If you’ve ever confronted someone about their sin, you know how difficult it is – or should be. In other words, you shouldn’t get any glee out of the action. You also know that your life had better be in order first lest the finger is turned back on you accusing you of some egregious sin (not a prerequisite but you can do it with a free conscience. No one likes to be confronted about their ways – no one.

But God’s plan for restoration is sound: private, semi-public/semi-private, and then public.

Normally the grievance will not make it to the public sphere, unless, of course, that someone didn’t follow this plan. If it gets to the public, the person will probably have left the church being too embarrassed to remain.

That’s why it’s important to keep short accounts with God, examining your life frequently to make sure there is nothing in your life to hinder your relationship with God. God will impress upon your heart about things you’ve said or done.

It’s also why it’s important to listen to those promptings or uneasiness when you go before God. He will lead you in the right path to restoration no matter how small. 

God is faithful.

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Pray Them Home

12 “What do you think? If a man owns a hundred sheep, and one of them wanders away, will he not leave the ninety-nine on the hills and go to look for the one that wandered off? 13 And if he finds it, truly I tell you, he is happier about that one sheep than about the ninety-nine that did not wander off. 14 In the same way your Father in heaven is not willing that any of these little ones should perish. Matthew 18:12-14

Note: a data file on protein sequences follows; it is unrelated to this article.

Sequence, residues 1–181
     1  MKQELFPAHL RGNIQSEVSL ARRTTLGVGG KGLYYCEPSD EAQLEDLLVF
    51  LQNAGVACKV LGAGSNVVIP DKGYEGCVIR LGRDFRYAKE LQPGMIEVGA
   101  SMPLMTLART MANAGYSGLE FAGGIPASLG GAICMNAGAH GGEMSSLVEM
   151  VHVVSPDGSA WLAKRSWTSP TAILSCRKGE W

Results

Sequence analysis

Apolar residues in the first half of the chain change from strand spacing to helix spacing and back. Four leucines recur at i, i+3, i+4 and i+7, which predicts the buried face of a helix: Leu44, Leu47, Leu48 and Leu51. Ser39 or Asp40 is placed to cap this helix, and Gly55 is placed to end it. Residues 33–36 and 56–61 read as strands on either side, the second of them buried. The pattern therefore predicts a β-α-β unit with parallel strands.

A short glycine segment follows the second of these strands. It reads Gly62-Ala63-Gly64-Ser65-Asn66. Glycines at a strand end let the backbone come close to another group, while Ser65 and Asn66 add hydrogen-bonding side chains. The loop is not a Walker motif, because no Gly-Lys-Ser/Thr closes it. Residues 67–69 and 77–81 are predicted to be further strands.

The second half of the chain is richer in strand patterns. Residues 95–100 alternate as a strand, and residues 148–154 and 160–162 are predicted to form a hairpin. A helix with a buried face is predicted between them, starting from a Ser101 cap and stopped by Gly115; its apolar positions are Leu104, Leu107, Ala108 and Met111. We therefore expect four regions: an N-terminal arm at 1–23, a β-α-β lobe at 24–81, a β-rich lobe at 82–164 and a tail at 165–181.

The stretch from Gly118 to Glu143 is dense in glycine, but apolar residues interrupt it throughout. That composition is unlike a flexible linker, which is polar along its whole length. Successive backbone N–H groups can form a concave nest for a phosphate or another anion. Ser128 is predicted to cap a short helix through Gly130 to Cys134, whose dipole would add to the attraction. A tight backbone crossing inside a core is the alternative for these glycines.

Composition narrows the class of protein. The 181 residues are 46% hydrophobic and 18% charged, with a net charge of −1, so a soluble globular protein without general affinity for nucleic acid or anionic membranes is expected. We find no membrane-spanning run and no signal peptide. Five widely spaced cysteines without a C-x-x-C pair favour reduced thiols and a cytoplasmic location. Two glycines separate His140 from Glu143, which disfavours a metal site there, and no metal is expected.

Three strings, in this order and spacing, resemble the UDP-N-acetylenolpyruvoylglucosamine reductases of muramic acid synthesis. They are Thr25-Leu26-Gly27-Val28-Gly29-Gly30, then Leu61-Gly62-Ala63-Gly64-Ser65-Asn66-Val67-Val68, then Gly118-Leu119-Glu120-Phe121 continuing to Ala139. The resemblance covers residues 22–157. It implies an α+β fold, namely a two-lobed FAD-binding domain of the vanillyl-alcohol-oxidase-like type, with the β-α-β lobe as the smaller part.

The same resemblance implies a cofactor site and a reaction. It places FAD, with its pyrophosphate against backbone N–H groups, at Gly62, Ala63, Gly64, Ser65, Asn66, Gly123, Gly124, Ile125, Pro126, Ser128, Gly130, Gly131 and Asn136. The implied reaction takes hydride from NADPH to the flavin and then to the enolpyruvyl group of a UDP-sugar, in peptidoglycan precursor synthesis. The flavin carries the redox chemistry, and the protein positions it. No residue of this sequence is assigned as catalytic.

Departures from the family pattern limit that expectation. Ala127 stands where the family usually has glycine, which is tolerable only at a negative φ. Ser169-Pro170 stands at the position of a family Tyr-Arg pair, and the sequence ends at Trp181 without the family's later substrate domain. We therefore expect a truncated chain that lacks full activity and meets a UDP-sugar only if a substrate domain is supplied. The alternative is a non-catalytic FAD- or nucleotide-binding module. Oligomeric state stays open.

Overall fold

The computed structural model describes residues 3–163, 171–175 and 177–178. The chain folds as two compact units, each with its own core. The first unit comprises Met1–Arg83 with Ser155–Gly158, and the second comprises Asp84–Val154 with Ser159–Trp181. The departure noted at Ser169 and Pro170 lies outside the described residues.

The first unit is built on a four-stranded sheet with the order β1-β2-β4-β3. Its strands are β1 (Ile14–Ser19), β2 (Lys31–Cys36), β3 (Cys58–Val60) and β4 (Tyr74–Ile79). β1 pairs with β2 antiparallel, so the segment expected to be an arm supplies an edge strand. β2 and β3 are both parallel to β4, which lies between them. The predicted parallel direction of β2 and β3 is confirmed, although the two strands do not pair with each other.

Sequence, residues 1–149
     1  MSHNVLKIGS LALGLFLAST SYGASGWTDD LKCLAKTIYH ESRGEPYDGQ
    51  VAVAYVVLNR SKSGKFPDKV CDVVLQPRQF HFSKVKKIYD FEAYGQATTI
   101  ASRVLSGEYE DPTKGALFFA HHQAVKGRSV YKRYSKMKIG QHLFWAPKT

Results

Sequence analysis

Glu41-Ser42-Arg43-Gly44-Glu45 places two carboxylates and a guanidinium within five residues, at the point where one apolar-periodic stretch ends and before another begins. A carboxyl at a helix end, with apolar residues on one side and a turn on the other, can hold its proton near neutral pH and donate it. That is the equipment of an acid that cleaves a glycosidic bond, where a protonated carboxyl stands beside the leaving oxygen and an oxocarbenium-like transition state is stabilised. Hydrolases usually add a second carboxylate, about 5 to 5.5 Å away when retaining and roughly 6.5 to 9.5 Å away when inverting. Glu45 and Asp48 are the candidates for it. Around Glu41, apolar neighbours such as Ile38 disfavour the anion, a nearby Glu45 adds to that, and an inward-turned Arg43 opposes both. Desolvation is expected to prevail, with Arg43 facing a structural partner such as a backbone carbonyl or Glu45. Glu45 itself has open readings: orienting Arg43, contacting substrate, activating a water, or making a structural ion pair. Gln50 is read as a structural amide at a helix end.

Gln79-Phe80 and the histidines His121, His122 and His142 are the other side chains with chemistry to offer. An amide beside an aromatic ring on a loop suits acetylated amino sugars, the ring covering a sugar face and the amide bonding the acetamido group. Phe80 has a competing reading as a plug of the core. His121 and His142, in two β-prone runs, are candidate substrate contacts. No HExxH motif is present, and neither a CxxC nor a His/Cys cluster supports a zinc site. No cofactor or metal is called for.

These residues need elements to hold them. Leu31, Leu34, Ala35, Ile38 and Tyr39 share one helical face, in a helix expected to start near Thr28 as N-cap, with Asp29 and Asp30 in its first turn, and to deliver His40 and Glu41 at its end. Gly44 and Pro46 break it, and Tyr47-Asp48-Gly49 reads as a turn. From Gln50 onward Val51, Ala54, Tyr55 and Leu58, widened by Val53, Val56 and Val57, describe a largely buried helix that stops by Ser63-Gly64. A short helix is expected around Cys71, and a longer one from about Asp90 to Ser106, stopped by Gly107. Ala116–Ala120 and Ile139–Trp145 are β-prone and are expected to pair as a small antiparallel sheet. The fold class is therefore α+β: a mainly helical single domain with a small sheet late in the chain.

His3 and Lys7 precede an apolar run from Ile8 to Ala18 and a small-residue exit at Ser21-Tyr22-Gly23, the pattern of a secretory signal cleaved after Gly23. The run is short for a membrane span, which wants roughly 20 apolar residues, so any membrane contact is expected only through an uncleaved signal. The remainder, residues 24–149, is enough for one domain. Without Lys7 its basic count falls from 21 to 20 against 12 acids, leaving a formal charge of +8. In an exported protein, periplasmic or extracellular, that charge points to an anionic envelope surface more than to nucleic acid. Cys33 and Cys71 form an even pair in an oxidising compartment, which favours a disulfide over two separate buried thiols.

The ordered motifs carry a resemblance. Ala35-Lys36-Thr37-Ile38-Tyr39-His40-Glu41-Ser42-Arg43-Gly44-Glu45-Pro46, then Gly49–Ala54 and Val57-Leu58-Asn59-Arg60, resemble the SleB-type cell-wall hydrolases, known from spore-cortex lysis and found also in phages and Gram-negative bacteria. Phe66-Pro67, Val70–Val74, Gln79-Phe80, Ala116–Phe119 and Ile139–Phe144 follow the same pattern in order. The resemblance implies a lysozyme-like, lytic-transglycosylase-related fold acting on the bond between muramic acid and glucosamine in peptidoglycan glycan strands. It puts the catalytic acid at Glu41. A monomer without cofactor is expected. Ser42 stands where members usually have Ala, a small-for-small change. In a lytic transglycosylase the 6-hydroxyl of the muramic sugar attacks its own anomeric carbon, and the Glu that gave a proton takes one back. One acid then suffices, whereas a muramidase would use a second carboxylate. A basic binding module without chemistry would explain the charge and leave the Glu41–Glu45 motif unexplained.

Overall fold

The imagery in this parable is vivid.

The shepherd is out in the fields calling, searching for that lost sheep. The sheep knows its voice, as the scripture says later. The shepherd knows the dangers the sheep will face if he doesn’t find him soon. He knows that coyotes and wolves could easily devour a small sheep without a second thought.

Similarly, Jesus does not want any of those children to perish. Unfortunately, life rears its ugly head and the forces of evil seek to destroy the innocence long before is necessary.

We see this destruction in our schools, on the television, in movies, and in music. The willful and harmful indoctrination of alternate lifestyles and behaviors began in the 1960s and has incrementally worked its way into those institutions.

Today’s children face battles that you and I have never faced nor would we want to. The pressures and burdens placed on these children by parents and teachers alike are a lot for kids to bear.

This generation of children will need our generation to pray them through a lot of junk. We know the dangerous teachings: homosexuality, transgenderism, Islamism, witchcraft in literature, “if it feels good, do it,” exploring and experimenting with early childhood sexuality, and tearing down the fundamentals of Christianity.

Not all of these are taught in school every year, but in 12 years they will get an unhealthy dose of each.

Now that we know how to pray for these children, we need to pray these kids through their formative years, beginning today.